Judith Neugebauer has worked as a jeweler since 1974. Prior to this, she was trained in classical ballet, having studied extensively with the American Ballet Theater in NYC. She performed professionally in the Ballet Corp at Radio City Music Hall in NYC and with the New Jersey Ballet Company, as well as in musical theater productions throughout the country for ten years.
The many years she spent as a dancer have given her an awareness of form, line and movement. These influences have inspired her as an artist and have been transferred into her work as a jeweler. Additionally, her explorations with clay in the early 1980's introduced her to an oriental aesthetic, which may be seen in the calligraphic use of gold-leaf and colored metal inlays on her jewelry.
Judith was educated at Farleigh Dickinson University in Madison, NJ and studied Jewelry with Austin Goodwin at Kean College in Union, NJ. She also studied both jewelry and ceramics at the Visual Art Center of NJ in Summit NJ. She lives and works with her husband, Tom Neugebauer (a nationally known ceramics artist and sculptor), in Milford, PA.
Judith's work is widely exhibited and collected, having been featured in Fine Craft Galleries, Museum Stores, and Juried Exhibitions throughout the US since 1985. Of special note was her selection to participate in the 1999 Smithsonian Craft Show in Washington, DC. She was selected as a Juror for the prestigious American Crafts Council shows in 1996 and 2011, the Longs Park Art Festival and the Berkshire Craft Show in 2010 , and has served as Juror for a number of other regional fine craft shows. She has also been featured in a number of national fine craft periodicals such as Ornament and Jewelry Making.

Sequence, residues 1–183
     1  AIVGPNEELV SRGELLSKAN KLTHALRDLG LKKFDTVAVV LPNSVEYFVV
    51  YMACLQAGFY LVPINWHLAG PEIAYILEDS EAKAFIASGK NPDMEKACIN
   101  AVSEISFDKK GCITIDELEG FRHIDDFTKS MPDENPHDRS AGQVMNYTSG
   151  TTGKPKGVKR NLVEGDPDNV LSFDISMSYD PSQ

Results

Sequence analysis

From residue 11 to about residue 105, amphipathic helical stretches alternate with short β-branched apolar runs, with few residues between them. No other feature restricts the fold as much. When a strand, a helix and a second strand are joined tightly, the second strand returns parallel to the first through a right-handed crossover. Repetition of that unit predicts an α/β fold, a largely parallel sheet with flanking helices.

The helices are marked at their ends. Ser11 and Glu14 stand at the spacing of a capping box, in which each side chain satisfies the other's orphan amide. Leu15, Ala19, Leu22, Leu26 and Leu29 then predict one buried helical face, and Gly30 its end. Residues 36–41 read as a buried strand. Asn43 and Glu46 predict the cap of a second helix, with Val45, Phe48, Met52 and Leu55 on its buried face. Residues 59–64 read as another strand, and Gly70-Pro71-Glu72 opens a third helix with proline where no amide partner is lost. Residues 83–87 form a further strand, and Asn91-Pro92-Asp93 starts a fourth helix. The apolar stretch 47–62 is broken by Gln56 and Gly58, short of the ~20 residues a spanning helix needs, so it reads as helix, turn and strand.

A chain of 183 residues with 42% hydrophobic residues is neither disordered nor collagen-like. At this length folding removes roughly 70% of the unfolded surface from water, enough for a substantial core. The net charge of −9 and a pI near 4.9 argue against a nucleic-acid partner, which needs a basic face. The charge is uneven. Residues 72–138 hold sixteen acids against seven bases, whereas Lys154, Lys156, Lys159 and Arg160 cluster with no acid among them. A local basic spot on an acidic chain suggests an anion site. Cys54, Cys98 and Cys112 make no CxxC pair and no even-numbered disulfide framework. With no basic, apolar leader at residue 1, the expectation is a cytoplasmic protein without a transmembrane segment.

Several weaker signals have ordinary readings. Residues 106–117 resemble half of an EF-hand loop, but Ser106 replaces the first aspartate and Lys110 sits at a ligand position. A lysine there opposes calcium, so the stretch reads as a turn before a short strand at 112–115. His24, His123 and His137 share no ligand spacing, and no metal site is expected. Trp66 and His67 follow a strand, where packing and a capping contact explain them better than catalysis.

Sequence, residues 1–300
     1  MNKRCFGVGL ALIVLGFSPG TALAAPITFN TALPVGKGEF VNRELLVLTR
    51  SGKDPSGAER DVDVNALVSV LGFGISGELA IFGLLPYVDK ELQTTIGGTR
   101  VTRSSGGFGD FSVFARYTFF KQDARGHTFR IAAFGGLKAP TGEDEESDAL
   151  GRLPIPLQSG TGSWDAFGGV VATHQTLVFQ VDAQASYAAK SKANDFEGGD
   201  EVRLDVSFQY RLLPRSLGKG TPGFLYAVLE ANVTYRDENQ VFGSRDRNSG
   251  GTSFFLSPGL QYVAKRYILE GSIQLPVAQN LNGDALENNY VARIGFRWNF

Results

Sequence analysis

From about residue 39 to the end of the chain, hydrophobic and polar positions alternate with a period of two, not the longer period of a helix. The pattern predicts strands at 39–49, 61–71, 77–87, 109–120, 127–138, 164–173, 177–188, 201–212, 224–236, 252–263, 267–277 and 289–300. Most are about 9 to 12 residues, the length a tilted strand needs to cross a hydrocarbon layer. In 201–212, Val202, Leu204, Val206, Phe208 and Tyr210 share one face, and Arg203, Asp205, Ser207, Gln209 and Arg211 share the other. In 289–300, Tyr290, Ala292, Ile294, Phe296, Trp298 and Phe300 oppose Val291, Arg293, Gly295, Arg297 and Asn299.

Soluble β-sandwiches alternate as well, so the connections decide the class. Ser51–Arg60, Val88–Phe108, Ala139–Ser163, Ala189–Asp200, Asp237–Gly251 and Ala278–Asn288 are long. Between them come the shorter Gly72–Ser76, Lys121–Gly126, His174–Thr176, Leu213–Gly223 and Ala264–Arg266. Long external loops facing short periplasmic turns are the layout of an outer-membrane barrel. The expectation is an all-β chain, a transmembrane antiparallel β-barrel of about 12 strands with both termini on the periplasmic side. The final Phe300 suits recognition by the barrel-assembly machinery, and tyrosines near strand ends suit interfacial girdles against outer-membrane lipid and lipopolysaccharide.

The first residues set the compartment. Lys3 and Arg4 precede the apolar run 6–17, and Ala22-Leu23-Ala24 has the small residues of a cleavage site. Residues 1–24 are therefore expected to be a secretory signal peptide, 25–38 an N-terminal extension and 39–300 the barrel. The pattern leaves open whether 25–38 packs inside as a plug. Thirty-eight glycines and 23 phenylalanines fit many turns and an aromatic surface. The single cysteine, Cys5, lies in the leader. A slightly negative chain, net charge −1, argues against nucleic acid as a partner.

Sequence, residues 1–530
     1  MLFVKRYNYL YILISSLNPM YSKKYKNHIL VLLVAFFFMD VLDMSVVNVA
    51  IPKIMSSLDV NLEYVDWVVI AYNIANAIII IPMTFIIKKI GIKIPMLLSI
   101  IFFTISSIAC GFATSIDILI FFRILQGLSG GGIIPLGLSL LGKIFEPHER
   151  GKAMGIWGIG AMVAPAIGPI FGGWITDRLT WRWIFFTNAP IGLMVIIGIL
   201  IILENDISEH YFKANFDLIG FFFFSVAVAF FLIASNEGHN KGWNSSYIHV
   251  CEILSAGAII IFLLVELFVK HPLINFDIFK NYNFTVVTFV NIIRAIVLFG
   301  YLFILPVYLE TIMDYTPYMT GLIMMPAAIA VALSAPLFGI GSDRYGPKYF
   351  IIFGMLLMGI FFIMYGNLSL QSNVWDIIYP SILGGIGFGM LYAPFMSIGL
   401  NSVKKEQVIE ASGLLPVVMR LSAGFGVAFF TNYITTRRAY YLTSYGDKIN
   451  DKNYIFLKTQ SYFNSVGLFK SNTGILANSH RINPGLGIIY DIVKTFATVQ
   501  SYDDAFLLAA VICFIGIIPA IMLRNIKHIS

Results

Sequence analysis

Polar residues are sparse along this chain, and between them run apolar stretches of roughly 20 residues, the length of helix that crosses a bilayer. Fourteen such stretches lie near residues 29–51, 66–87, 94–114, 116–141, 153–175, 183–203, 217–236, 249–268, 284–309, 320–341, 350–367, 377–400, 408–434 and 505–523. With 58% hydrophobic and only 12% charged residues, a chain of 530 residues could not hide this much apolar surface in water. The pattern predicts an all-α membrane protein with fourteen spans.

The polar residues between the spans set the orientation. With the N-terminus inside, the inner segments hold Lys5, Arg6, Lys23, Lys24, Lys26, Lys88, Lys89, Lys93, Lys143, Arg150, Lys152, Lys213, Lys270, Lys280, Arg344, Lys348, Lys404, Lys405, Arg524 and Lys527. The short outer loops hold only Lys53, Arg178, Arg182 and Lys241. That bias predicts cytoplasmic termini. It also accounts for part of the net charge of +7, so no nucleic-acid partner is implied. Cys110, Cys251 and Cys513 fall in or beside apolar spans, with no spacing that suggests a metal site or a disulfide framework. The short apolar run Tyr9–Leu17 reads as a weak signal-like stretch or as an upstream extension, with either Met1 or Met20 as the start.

"A previous career in classical ballet and theater instilled within me a deep awareness and appreciation for movement, line and balance. These are the classical qualities I have always tried to incorporate into my jewelry designs ... and in my life."
"My work is individually hand-fabricated using sterling silver with an overlay of 23K gold leaf. Many pieces also incorporate freshwater pearls and Australian boulder opals set in 22kt gold. Fold-formed as well as die-formed hollow elements create visual depth, yet the overall concern with lightness and movement remain central to my approach. The addition of oxidized, sandblasted sterling silver on all or part of the surface creates a rich charcoal black patina which contrasts even more dramatically with the 23kt gold leaf; this is a popular alternative finish I offer on most of the pieces in my collection."